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Old 17-09-2011, 06:47   #5
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Re: Picking up friends in the BVI

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Originally Posted by Jerry Woodward View Post
Good point. Actually, they will be checking into the BVI when they Ferry from St. Thomas to Tortola. We will be sailing around the BVI for 8 days, and then returning by ferry to St. Thomas to fly home. So, they won't be leaving the BVI, but I suppose a letter wouldn't hurt.
Unless your friends only have carry-on luggage there is no dock within walking distance of the Road Town ferry terminal. Best bet for you is to be in Village Cay Marina. That is the marina with most facilities.

I wouldn't produce a letter as they are entering and exiting by ferry. It'll only raise questions in the mind of C&I and you don't want that. Believe me!
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Old 17-09-2011, 07:24   #6
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Re: Picking up friends in the BVI

Quote:
Originally Posted by Jerry Woodward View Post
I will be sailing a Lagoon 380 from St Martin to Tortola and picking up friends who are flying in from the US to St Thomas. I am thinking of having them ferry over to the West End of Tortola and meet them there, and I can also check in. Alternately, I can pick them up at Road Bay. I will have already provisioned in St Martin, so that is not an issue. I guess it boils down to which site is most convenient to get in and out of quickly (relatively speaking). I would like to tie up to a dock to pick them up. Any thoughts?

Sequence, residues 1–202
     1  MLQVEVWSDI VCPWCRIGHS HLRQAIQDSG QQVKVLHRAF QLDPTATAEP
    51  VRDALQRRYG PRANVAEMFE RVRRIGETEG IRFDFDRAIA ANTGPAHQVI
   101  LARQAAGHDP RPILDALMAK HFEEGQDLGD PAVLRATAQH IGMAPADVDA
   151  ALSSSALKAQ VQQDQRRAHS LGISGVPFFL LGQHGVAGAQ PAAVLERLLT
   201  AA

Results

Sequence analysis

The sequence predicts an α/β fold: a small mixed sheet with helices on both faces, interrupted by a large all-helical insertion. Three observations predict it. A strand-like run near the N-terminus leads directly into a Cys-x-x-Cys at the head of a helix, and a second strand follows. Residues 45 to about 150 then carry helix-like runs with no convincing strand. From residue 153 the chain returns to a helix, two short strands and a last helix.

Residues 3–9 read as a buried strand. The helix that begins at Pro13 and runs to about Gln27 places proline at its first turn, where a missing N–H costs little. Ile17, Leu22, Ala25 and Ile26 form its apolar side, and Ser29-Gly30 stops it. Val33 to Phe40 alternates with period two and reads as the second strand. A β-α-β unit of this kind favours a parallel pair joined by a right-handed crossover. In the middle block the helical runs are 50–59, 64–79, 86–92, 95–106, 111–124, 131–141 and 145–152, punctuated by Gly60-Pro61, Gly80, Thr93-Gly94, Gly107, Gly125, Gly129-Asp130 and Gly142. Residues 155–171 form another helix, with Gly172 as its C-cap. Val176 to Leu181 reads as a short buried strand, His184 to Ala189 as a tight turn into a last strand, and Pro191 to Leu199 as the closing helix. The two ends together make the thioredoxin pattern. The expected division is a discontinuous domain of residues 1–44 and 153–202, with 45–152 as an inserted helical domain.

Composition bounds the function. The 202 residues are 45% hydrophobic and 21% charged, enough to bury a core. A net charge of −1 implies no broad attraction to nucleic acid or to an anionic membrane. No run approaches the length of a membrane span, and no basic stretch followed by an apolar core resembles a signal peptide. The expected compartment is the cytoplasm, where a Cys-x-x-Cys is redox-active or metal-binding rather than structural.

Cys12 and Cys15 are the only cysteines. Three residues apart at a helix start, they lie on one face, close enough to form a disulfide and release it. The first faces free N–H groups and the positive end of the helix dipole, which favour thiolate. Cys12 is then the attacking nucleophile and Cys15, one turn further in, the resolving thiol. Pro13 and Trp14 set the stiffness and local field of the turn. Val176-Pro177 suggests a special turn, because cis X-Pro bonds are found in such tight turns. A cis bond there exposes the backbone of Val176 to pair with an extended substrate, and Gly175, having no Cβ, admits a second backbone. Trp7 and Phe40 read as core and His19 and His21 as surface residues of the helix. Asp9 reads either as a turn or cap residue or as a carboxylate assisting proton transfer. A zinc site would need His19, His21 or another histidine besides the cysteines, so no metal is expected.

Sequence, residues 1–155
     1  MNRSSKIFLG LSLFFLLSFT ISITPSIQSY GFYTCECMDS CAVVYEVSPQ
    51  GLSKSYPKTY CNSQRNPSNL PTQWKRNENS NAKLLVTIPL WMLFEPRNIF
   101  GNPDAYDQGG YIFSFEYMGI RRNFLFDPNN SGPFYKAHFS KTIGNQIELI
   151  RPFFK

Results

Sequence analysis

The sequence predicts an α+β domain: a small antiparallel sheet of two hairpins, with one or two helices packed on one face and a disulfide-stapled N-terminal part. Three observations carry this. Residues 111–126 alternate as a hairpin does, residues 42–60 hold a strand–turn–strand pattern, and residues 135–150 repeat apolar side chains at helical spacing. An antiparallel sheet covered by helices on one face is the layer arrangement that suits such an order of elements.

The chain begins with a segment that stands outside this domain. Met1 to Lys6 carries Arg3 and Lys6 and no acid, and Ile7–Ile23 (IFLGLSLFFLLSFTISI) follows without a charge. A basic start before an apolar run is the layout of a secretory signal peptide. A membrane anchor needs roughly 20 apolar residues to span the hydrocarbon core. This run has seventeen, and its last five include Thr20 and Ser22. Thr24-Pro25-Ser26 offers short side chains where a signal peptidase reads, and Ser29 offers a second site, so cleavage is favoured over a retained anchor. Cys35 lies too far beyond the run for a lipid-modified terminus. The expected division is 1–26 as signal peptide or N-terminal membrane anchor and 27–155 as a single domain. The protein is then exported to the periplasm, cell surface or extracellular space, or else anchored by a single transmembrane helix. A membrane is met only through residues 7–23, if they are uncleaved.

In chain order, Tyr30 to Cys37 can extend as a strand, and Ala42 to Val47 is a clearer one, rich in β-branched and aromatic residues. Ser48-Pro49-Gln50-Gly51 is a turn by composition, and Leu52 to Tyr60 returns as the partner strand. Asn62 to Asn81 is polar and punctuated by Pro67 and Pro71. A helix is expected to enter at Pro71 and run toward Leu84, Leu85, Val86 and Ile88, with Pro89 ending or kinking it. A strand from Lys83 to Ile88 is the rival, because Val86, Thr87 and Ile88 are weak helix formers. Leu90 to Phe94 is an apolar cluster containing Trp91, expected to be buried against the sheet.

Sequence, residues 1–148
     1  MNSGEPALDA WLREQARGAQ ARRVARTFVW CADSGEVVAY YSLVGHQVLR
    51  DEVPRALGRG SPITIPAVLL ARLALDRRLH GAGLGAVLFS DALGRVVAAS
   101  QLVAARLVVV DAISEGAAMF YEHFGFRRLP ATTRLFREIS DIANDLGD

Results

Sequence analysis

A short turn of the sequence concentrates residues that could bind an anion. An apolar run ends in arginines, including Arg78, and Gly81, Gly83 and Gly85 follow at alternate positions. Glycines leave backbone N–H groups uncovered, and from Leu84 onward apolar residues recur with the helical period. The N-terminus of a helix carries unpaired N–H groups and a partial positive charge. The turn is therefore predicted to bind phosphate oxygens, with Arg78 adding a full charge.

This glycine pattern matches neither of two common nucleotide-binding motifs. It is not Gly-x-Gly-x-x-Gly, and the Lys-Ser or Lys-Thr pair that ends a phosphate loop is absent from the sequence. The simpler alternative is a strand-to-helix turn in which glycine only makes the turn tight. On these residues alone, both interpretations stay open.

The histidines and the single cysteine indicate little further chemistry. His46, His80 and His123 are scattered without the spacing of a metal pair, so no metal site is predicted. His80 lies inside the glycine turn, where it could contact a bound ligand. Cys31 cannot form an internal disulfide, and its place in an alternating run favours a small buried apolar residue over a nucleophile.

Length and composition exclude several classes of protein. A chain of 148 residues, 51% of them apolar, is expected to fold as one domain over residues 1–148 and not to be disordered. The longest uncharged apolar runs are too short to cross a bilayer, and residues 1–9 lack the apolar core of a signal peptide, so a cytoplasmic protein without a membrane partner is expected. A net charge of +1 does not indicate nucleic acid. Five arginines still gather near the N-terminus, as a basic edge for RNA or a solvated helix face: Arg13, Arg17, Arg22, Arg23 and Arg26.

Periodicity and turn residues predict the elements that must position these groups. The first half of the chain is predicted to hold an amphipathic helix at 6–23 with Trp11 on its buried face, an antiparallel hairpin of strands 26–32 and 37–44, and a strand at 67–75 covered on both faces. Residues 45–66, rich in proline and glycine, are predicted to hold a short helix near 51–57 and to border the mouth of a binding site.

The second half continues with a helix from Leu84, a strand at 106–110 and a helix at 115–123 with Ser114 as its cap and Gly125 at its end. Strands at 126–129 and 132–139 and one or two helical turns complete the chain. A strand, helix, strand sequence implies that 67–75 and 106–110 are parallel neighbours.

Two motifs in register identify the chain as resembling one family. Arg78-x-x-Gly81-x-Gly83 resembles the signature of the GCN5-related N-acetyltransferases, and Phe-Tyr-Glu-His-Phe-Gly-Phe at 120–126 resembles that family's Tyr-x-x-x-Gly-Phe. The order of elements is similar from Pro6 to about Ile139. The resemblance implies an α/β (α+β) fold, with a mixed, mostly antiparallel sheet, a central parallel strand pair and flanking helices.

If flying is an option instead of the ferry, Trellis Bay is right next to the airport. Pickups and dropoffs are an easy walk.
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Old 17-09-2011, 07:33   #7
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Re: Picking up friends in the BVI

West End, Sopers Hole is by and large the simplest and easiest place to meet them. There are bareboat and other charter outfits there so the local officials are very used to folks coming over and then spending their time on a boat versus a land hotel.
- - From St Martin, last time I checked in at Virgin Gorda, Spanish Town, easy anchorage outside and a dinghy ride to the marina and then walk to the Customs shack. Since you your visitors will only be onboard during your time in the BVI's it should not be necessary to list them on your inbound paperwork at Spanish Town. I always believe in keeping things simple.
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Old 17-09-2011, 07:46   #8
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Re: Picking up friends in the BVI